ATLANTA, April 11 (UPI) -- Fewer babies were born to U.S. teenagers ages 15-19 in 2010 -- 367,752 -- than in any year since 1946's 322,380, federal health officials said.
The preliminary report by the National Center for Health Statistics, part of the Centers for Disease Control and Prevention in Atlanta, used the most current data available from the National Vital Statistics System found the 2010 total of births to teenagers was 43 percent lower than the peak recorded in 1970 at 644,708, the report said.
The U.S. teen birth rate declined 9 percent from 2009 to 2010, reaching a historic low at 34.3 births per 1,000 women ages 15-19; the rate dropped 44 percent from 1991 through 2010, the report said.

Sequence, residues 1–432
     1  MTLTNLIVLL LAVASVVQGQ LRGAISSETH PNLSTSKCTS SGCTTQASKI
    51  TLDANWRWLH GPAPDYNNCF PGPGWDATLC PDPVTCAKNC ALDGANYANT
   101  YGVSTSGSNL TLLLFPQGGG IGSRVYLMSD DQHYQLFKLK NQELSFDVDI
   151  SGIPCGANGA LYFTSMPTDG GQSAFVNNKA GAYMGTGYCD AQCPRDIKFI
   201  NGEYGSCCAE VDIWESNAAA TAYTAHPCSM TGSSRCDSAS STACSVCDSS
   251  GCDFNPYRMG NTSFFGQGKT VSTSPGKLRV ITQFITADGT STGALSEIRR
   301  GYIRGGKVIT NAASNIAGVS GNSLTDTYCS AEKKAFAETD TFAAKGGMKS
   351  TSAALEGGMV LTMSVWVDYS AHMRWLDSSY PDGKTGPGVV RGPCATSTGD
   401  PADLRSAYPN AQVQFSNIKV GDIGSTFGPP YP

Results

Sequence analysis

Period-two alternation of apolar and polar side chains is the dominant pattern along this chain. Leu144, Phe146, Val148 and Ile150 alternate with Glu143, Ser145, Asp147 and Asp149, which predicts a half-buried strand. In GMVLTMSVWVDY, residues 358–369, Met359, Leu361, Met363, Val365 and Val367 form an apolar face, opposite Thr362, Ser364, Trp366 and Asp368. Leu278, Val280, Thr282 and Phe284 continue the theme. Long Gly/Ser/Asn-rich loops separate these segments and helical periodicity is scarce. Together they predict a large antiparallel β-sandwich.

Teen birth rates fell in all but three states -- Montana, North Dakota and West Virginia -- from 2007 to 2010.
Teen birth rates by state varied significantly. Mississippi had the highest rate of teen pregnancy at 55 per 1,000 teenage girls, followed by New Mexico, Arkansas, Texas, Oklahoma, Louisiana, Kentucky, West Virginia, Alabama and Tennessee.
New Hampshire led the country with the lowest rate of teen pregnancies with 15.7 teen births per 1,000 girls, followed by Massachusetts, Vermont, Connecticut, New Jersey, Maine, Rhode Island, Minnesota, New York and Wisconsin.